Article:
CVS was pretty good for me. I was not too happy but didn’t have many options either. Then one day, my friend told me about Subversion, the new age version control system. I decided to give it a shot and today I proudly admit that was one of the best decisions I ever took.
Why you should avoid using CVS
Commits are not atomic: that means if your commits fail in between the commit process then you end up in an inconsistent state and after that CVS gives you a lot of pain if you try to commit something.
Un-versioned Directories: As CVS deals at file level there is no versioning at the directory level
Pretty slow branching and tagging
No History of copy, move and rename: No history is maintained while renaming files i.e. if you rename a file all history associated with it is lost and we say it’s a version control! Same is true with moving and copying.
There are a lot many things that I can write, but my aim is not to criticize CVS, but to tell you why you should use Subversion.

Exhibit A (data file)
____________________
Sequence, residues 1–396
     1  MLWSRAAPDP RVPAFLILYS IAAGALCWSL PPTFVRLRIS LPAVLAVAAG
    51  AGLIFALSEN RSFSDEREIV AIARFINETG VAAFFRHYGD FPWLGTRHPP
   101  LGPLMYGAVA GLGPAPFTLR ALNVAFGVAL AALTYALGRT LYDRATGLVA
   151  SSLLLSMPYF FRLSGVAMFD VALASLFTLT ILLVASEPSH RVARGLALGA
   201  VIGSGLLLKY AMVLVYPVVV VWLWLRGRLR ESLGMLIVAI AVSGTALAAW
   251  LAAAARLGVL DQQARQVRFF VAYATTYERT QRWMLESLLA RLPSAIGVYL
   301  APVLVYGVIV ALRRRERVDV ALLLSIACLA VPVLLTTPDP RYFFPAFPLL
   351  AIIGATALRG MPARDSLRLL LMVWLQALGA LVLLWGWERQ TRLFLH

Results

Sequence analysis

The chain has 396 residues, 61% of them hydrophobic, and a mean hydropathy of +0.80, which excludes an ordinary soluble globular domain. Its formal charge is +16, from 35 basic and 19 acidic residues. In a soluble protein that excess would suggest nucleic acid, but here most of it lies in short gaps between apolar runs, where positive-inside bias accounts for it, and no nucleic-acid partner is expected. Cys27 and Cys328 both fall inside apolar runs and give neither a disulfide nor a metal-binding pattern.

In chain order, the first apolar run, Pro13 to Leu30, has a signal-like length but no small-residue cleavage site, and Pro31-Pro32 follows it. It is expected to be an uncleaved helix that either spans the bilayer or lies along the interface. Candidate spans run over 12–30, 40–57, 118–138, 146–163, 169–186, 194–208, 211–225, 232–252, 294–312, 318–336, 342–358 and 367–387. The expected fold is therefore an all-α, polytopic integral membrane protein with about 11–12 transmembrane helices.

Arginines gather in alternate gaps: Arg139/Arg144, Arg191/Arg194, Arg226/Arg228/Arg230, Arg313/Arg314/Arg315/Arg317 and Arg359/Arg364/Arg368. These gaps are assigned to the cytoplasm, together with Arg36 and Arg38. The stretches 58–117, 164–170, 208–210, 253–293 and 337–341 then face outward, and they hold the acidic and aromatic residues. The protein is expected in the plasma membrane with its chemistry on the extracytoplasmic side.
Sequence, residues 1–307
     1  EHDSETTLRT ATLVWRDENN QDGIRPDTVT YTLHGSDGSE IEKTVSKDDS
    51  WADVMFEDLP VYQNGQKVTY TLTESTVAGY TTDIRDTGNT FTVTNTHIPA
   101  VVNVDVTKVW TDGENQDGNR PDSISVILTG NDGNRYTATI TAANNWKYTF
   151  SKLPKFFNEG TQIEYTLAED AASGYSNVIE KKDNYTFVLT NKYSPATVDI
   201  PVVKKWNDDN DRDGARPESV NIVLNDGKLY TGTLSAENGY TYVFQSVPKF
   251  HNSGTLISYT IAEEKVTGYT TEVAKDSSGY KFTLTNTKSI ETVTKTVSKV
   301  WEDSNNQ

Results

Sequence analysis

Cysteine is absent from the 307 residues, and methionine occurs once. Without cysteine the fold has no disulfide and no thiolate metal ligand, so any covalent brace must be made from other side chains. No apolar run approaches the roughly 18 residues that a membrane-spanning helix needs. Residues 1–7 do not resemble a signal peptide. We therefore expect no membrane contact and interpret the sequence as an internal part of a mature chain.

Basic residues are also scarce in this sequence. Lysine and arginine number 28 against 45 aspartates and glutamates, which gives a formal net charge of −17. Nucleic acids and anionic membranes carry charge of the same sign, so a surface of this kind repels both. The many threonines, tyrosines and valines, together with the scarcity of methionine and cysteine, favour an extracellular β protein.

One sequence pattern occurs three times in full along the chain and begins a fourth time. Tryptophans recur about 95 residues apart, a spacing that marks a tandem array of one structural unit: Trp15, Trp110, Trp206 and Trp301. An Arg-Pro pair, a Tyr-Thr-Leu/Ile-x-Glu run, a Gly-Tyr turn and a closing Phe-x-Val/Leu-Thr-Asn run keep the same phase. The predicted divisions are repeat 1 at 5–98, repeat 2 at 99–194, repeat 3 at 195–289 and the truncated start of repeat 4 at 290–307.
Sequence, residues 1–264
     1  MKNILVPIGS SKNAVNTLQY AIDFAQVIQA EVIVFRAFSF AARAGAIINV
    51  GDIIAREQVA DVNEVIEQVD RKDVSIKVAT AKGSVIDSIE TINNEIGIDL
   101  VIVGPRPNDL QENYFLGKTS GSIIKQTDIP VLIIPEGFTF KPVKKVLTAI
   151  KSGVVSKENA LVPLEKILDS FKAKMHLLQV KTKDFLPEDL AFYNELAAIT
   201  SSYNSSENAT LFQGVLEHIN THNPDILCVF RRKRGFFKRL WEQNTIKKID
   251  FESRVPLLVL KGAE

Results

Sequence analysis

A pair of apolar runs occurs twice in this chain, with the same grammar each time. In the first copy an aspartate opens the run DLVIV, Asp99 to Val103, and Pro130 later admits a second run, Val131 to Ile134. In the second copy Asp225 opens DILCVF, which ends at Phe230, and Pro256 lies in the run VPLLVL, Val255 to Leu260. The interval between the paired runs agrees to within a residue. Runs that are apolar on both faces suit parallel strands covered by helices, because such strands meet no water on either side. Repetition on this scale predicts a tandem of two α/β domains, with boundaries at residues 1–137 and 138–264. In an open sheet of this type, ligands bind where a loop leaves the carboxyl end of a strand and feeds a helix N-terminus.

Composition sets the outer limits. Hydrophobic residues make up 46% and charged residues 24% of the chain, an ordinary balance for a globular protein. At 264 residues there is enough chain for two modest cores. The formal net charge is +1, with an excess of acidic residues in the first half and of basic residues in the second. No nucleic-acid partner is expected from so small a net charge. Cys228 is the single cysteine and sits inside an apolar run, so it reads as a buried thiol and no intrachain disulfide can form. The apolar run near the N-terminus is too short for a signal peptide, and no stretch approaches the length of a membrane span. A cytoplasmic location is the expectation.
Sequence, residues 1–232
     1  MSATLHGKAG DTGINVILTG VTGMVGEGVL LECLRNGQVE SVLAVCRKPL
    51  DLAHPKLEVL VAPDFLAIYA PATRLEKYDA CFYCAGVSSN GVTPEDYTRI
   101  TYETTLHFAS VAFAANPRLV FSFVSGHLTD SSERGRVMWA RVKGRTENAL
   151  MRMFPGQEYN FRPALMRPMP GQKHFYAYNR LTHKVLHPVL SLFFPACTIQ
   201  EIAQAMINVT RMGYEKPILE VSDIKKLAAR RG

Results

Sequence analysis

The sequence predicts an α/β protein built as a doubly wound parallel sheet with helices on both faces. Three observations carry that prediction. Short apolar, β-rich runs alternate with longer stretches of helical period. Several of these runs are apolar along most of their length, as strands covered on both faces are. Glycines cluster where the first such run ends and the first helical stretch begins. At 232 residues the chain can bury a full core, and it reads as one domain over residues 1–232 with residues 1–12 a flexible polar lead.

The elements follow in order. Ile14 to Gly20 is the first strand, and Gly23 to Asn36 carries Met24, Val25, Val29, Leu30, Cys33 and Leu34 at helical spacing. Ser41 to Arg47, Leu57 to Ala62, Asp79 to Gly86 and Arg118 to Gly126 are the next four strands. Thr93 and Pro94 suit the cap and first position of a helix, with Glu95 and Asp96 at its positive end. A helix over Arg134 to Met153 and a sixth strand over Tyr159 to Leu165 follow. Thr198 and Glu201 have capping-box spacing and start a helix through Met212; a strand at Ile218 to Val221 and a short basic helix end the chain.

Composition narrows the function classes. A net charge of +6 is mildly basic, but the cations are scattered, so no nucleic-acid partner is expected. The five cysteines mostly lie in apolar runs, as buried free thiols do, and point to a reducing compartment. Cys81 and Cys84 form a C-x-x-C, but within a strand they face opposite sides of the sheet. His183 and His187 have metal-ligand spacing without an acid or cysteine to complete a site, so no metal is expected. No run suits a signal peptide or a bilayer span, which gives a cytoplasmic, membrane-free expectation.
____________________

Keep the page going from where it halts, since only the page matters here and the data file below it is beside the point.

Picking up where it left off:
Atomic commits: Commits are truly atomic which means either your commits succeed completely or fail completely; you will never be in inconsistent state.
File and Directory rename without losing history: You can happily rename your files without losing history at all.
Copy and Move: Restructure your directory anytime you feel with losing your revision history.
Branching and tagging is cheap operation: Branch as you like and as much you like; it’s fast and simple.
Sends diffs both ways: No bandwidth issues at all, whether you use it through intranet or the internet; as it sends diffs both ways.
Secure network access through https using ssl: It’s pretty important for teams working at different geographical locations to have secure access.
Support for binary files: Subversion treats binary files same as text files. Whether a file is binary or not does not affect the amount of repository space used to store changes to that file, nor does it affect the amount of traffic between client and server. For storage and transmission purposes, Subversion uses a diffing method that works equally well on binary and text files.
Easy backups: You can take backups pretty easily using svnadmin ‘dump’ and ‘hotcopy’.
Migration support for CVS and VSS: Migration scripts are readily available for CVS as well as VSS but people using CVSNT might not have enough luck to migrate successfully using the cvs2svn script.
Folder level access controls: There’s better, more granular security as well; you can set folder level permissions.
There are a lot of points I have missed, as my article is drop in the ocean of the limitless possibilities with Subversion. I’d be happy to hear your feedback on such points and on the article in general.
Filed under: OpenSource